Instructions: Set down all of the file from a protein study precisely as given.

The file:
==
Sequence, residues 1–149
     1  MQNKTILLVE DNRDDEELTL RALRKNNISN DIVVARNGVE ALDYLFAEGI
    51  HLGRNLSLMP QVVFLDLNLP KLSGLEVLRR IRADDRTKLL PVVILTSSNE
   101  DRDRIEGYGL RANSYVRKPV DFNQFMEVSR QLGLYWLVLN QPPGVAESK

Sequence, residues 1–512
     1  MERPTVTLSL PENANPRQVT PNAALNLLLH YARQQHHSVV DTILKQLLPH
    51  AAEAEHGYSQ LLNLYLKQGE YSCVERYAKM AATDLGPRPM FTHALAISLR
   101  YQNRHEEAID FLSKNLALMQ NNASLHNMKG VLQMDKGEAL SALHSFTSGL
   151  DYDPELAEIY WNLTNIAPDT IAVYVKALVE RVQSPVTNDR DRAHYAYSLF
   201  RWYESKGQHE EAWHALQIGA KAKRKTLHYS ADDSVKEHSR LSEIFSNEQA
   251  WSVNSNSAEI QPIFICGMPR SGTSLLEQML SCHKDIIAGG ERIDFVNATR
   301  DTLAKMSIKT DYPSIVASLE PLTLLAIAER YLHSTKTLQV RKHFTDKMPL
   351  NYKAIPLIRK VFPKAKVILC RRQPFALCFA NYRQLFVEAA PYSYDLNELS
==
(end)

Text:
Sequence, residues 1–149
     1  MQNKTILLVE DNRDDEELTL RALRKNNISN DIVVARNGVE ALDYLFAEGI
    51  HLGRNLSLMP QVVFLDLNLP KLSGLEVLRR IRADDRTKLL PVVILTSSNE
   101  DRDRIEGYGL RANSYVRKPV DFNQFMEVSR QLGLYWLVLN QPPGVAESK

Sequence, residues 1–512
     1  MERPTVTLSL PENANPRQVT PNAALNLLLH YARQQHHSVV DTILKQLLPH
    51  AAEAEHGYSQ LLNLYLKQGE YSCVERYAKM AATDLGPRPM FTHALAISLR
   101  YQNRHEEAID FLSKNLALMQ NNASLHNMKG VLQMDKGEAL SALHSFTSGL
   151  DYDPELAEIY WNLTNIAPDT IAVYVKALVE RVQSPVTNDR DRAHYAYSLF
   201  RWYESKGQHE EAWHALQIGA KAKRKTLHYS ADDSVKEHSR LSEIFSNEQA
   251  WSVNSNSAEI QPIFICGMPR SGTSLLEQML SCHKDIIAGG ERIDFVNATR
   301  DTLAKMSIKT DYPSIVASLE PLTLLAIAER YLHSTKTLQV RKHFTDKMPL
   351  NYKAIPLIRK VFPKAKVILC RRQPFALCFA NYRQLFVEAA PYSYDLNELS